Many of you have probably seen this letter from an environmental engineering technician but I wanted to share it here in case you missed it. This engineer is not telling us anything that we didn’t already know by applying common sense science. He focuses on New York but the same principles apply for anywhere.
Hydrofracking sure to contaminate water
TUESDAY, DECEMBER 13, 2011
As an environmental engineering technician with NYSDEC Region 5, I managed scores of groundwater remediation projects in the 1990s. I’ve reviewed countless hydrogeologic reports and seen thousands of lab results from contaminated wells. I’m familiar with the fate and transport of contaminants in fractured media, and let me be clear:
Hydraulic fracturing as it’s practiced today will contaminate our aquifers.
Not might contaminate our aquifers. Hydraulic fracturing will contaminate New York’s aquifers. If you were looking for a way to poison the drinking water supply, here in the Northeast you couldn’t find a more chillingly effective and thorough method of doing so than with hydraulic fracturing.
My experience investigating and remediating contaminated groundwater taught me some lessons. There’s no such thing as a perfect well seal. Occasionally sooner, often later, well seals can and do fail, period.
No confining layer is completely competent; all geologic strata leak to some extent. The fact that a less-transmissive layer lies between the drill zone and a well does not protect the well from contamination.
A drinking water well is never in “solid” rock. If it were, it would be a dry hole in the ground. As water moves through joints, fissures and bedding planes into a well, so do contaminants. In fractured media such as shale, water follows preferential pathways, moving fast and far, miles per week in some cases.
In the absence of oxygen (such as under the ground), organic compounds break down infinitesimally slowly. Chemicals injected into the aquifer will persist for many lifetimes.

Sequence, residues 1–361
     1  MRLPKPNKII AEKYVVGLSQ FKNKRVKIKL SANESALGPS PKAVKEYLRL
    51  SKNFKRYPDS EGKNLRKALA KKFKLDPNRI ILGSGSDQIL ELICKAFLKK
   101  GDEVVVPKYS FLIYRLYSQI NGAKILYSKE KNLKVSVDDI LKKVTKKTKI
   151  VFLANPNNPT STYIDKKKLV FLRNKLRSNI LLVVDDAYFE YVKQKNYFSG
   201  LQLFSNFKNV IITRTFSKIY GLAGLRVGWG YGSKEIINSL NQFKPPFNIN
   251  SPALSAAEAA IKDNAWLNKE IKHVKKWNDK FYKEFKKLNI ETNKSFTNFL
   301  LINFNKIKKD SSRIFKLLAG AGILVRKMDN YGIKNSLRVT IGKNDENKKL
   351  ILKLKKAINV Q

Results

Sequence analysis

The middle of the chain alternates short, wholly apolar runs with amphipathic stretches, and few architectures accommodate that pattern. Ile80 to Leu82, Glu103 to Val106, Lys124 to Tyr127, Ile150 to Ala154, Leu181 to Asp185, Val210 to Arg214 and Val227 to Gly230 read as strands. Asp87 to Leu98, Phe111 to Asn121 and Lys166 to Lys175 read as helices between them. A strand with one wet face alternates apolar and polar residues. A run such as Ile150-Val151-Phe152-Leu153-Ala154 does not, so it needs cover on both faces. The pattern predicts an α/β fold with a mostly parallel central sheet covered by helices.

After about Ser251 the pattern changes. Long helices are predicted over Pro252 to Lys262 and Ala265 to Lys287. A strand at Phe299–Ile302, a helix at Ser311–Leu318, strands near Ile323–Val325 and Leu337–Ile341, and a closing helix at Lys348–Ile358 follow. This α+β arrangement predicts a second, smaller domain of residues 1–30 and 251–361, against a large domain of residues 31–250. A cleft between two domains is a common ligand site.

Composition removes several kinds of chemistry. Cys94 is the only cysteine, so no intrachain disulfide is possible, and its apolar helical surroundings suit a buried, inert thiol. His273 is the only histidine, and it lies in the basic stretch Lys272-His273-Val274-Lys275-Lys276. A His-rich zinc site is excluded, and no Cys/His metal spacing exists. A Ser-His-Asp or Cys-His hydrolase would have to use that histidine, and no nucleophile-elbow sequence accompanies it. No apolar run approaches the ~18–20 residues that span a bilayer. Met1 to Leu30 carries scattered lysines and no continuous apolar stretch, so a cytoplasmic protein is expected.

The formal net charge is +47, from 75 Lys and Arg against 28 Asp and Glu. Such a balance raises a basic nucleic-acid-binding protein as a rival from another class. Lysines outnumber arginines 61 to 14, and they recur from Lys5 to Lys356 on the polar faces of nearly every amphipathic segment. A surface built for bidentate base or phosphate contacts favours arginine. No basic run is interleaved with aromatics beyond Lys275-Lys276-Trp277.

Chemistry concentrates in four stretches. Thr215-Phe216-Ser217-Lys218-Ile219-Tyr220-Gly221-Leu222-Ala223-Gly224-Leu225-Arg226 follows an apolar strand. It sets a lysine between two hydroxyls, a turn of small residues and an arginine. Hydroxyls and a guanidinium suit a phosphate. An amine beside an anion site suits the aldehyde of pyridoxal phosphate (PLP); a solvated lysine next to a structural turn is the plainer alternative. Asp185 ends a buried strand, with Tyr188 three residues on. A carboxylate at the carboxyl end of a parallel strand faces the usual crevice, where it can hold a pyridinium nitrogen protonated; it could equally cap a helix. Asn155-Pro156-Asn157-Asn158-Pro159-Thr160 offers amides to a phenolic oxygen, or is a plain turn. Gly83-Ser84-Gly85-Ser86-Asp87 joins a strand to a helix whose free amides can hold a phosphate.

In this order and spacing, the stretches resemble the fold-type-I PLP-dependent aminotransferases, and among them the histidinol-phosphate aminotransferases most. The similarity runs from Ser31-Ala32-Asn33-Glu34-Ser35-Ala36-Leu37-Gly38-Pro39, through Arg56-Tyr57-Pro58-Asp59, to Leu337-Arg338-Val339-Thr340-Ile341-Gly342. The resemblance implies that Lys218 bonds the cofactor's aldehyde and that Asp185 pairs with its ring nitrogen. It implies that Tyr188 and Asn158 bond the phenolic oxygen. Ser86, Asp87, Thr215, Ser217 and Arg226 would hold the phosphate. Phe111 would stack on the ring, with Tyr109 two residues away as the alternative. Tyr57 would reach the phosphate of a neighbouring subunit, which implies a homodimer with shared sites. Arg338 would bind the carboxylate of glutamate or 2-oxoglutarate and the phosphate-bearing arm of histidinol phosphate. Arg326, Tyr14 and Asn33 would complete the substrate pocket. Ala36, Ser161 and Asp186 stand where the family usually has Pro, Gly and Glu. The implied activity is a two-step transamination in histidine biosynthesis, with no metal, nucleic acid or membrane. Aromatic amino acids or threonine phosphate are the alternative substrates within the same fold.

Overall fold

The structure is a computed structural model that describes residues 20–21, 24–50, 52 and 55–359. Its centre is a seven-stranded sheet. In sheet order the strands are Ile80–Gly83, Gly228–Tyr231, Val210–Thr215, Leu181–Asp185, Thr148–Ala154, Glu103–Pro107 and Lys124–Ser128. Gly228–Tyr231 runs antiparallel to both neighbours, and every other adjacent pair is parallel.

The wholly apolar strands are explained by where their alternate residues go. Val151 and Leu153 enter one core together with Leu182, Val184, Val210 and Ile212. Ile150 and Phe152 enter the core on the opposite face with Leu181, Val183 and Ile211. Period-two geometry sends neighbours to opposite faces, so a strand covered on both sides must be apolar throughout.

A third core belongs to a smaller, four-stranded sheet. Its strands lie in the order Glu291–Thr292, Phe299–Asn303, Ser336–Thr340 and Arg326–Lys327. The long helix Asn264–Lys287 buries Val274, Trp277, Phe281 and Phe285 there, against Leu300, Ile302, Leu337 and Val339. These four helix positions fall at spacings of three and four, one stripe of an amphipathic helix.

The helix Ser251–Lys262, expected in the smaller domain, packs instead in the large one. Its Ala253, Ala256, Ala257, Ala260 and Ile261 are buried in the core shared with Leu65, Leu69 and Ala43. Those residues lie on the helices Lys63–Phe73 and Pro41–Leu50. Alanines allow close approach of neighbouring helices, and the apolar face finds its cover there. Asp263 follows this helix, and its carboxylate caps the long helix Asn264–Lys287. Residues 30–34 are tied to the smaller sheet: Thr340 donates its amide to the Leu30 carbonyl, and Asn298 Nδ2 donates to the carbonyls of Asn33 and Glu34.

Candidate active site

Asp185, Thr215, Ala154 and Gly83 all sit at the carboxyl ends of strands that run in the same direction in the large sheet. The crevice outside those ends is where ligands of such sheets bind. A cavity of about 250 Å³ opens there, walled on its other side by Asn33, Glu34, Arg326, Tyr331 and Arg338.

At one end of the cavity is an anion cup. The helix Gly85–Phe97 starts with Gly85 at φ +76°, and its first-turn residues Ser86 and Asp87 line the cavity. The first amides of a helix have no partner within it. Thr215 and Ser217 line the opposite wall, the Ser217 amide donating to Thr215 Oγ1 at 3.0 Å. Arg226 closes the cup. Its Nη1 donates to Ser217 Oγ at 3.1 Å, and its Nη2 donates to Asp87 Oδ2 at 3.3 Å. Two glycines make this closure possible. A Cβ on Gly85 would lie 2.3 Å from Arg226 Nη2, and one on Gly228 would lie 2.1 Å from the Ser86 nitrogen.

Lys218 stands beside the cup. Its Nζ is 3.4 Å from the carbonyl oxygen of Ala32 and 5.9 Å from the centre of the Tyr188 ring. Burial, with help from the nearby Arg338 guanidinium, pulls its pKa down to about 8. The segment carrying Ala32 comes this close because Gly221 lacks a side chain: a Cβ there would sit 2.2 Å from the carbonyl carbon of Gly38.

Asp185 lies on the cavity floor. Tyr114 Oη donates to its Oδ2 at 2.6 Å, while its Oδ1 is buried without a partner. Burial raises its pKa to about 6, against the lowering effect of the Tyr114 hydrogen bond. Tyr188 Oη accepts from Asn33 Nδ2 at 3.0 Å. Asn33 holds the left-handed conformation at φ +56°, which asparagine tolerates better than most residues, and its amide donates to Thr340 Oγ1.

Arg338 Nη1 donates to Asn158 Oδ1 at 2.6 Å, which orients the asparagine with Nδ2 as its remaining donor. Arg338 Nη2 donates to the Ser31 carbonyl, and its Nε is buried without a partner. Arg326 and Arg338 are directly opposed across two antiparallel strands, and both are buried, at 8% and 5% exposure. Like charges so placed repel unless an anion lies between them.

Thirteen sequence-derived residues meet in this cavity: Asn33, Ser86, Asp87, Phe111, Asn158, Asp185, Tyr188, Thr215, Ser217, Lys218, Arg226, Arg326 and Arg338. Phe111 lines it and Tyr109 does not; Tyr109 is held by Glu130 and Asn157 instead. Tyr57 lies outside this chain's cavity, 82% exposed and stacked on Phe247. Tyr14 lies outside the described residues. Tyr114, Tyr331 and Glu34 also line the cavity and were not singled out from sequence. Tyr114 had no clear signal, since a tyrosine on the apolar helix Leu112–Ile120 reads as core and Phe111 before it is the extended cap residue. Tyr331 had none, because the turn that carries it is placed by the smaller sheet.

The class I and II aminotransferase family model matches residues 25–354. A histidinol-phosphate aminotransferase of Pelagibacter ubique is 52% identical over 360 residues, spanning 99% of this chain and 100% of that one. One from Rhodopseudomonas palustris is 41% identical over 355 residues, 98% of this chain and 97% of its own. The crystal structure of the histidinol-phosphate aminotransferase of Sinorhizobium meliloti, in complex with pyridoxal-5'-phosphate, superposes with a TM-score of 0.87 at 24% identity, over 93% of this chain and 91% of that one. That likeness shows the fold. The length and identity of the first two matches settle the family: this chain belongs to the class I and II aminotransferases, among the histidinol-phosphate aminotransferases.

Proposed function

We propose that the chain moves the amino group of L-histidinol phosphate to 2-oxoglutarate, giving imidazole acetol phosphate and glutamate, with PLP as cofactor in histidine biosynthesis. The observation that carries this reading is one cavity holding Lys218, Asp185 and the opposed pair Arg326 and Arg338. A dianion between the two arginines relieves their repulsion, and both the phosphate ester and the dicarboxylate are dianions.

When contamination occurs—and it will occur— we will all pay for it, regardless of where we live. Proving responsibility for groundwater contamination is difficult, costly and time-consuming, and while corporate lawyers drag out proceedings for years, everyone’s taxes will pay for the subsurface investigations, the whole-house filtration systems, the unending lab analyses.
I’d love to see hundreds more jobs created. But not if it means hundreds of thousands using well water will be at a high risk of contamination. Not if it means every New Yorker will be on the hook for the cost for cleanup and for creating alternate water supplies. If your well goes bad, neither you, nor your children, nor their children will ever be able to get safe, clean water back. That’s too high a price.
Drill for gas, absolutely, but develop safe technologies first.
About Sharon Wilson
Sharon Wilson is considered a leading citizen expert on the impacts of shale oil and gas extraction. She is the go-to person whether it’s top EPA officials from D.C., national and international news networks, or residents facing the shock of eminent domain and the devastating environmental effects of natural gas development in their backyards.
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Reminds me of Tony Ingraffea’s very clear, simple and true statement made on July 25 during his presentation in Ithaca, NY:
“It is impossible to build a well that does not leak.”
Dr Ingraffea’s presentations have improved over the years: (quote at 12:00)
An excellent post Paul. There are many, many ways for fracking fluids to migrate to drinking water aquifers. Even if you consider the perfectly cased and cemented shale gas well, just one migrating path is the vertical fracking that ususally occurs in shale gas fracking, moving upwards to another strata which was used by a nearby old and abandoned oil well that was plugged under the condition of no surface pressure. Now this high pressure goes upward in this old well with rotted out casing and bad cement — on upwards to the water aquifer.